Drones can navigate like bats using four mics and a speaker

Bats can find their way in the dark using echolocation, so why can't drones? Researchers have managed just that. They've developed a system that lets a drone navigate using just four microphones and a speaker. It relies on the familiar concept of mea...

Avalanche-Rescue Drone helps rescue trapped skiers by locating them under the snow

Meet the Powderbee, a drone that helps with find-and-rescue operations on the slopes. Note that I use the words find-and-rescue and not search-and-rescue because the designers behind the drone at Bluebird Mountain believe the drone’s effectiveness comes from being able to pinpoint the trapped victim’s location with enough accuracy to allow first responders to know exactly where to look.

Each year avalanches kill over 150 people worldwide and most of them die not by the force of the avalanche, but by suffocation caused by being buried under feet of snow with no way to get to the surface. In these situations, speed becomes a critical factor in saving the lives of people trapped in the snow, and Powderbee does just that. The small, lightweight, handheld drone can be carried around in a backpack and deployed in an emergency. The drone tracks the victims using the beacon signal being broadcasted by their transceiver wearable, essentially acting as a part of the search team. The drone’s design is optimized to work under harsh conditions, even battling blizzards and tough winds, while its yellow body and orange propellers allow it to be visible from a distance. Powderbee performs search patterns by flying close to the surface of the snow, covering more ground faster than search-and-rescue teams, and promptly lands once it’s within 5 meters of the victim, helping drastically narrow down the area where the search is conducted.

Designer: Bluebird Mountain

Drone network provides early warnings for natural disasters

Drones might soon deliver a heads-up when natural disasters are about to strike. Researchers have developed a communication system that uses a drone network to provide early warnings for disasters. The challenge wasn't so much the drone-to-drone comm...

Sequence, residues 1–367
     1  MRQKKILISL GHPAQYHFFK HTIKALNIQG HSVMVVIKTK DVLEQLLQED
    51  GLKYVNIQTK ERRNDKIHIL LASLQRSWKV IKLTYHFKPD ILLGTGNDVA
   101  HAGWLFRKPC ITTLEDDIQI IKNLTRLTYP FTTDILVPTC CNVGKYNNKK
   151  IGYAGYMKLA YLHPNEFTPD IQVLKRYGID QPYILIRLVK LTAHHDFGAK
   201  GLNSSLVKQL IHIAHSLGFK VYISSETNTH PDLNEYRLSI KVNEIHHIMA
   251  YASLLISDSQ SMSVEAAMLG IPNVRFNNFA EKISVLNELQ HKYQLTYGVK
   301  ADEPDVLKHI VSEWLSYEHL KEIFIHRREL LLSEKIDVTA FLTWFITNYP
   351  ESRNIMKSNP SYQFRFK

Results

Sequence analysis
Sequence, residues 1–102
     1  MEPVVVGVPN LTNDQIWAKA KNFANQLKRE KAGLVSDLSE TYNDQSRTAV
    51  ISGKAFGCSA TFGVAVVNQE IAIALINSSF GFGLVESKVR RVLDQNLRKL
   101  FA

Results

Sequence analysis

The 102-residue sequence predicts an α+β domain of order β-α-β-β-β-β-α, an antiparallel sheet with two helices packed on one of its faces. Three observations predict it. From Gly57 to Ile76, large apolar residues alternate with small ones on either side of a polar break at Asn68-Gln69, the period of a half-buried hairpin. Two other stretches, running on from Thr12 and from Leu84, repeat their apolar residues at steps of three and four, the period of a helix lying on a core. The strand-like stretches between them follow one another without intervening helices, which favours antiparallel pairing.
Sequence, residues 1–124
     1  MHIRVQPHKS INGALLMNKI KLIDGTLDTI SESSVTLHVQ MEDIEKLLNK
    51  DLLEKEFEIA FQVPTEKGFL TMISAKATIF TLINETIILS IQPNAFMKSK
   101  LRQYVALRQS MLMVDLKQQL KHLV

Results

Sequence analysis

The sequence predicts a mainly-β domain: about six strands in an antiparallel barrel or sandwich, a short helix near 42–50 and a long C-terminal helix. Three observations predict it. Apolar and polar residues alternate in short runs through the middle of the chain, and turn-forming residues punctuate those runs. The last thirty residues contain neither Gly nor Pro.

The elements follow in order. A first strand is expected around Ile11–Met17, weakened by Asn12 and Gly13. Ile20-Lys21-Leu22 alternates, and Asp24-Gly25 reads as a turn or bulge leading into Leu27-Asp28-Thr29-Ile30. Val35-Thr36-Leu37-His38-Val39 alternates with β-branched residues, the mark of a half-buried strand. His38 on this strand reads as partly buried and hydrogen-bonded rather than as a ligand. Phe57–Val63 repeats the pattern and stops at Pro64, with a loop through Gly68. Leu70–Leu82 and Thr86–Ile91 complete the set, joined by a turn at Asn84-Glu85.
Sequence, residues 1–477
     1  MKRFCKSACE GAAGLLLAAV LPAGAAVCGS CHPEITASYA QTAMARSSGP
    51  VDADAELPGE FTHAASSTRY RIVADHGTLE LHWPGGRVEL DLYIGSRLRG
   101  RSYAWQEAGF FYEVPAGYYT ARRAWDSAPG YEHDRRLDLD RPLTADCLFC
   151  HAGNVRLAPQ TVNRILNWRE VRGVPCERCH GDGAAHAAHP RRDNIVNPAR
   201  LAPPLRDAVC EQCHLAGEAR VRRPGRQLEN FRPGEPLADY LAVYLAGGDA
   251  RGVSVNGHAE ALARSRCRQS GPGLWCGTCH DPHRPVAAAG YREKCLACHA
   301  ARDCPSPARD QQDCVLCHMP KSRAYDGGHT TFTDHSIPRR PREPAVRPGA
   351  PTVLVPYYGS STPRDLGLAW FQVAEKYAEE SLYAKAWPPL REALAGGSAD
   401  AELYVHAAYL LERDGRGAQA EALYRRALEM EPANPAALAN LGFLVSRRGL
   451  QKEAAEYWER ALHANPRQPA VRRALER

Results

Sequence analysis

Interior Department permanently grounds Chinese-made drones

The reports were true: the Interior Department is grounding much of its drone fleet. It's issuing an order that bans flights for drones either made in China or with Chinese parts out of fear they could be used for spying purposes. That effectively...

This retro-future 6-propeller racing drone is inspired by Ferrari’s F1 cars from the 50s

There isn’t really much to say about the Lazzarini FD-One that isn’t said in the title. Designed by Italy-based studio Lazzarini, the FD-One is a conceptual racing tricopter drone with 6 propellers, a V12 gas engine, and 3 battery packs. Featuring a cockpit big enough for two, the FD-One takes a lot of inspiration from Ferrari’s F1 and F2 racing cars in the 50s, with a very close resemblance to the tubular framed Ferrari 500 F2.

The FD-One comes with three pairs of co-axial electric propellers powered by the V12 engine and three separate battery packs. The vehicle probably won’t have a high flying altitude, given that the cockpit isn’t a closed one… and seeing how the cockpit is relatively at the back of the vehicle, the FD-One is equipped with a camera on its front to give the pilot clear visibility. Lazzarini claims that the entire vehicle measuring 24 feet in length, could weigh just under 2000 pounds, and have a top speed of 310mph (498.8kmh). Lazzarini’s currently seeking for investors to help back the construction of a working prototype.

Designer: Lazzarini Design Studio

Heathrow Airport installs anti-drone system that can locate UAV pilots

The UK knows first-hand how disruptive drones can be to major airports. Last March, it introduced legislation to widen the drone no-fly zone around airports to five kilometers. Now, to enforce the new rules, London's Heathrow Airport has installed a...

US may permanently ground civilian drone program over China fears

The US Interior Department's decision to halt a civilian drone program might not be so temporary. Financial Times sources claim the department plans to permanently end use of nearly 1,000 drones after determining there was too high a risk of the Chi...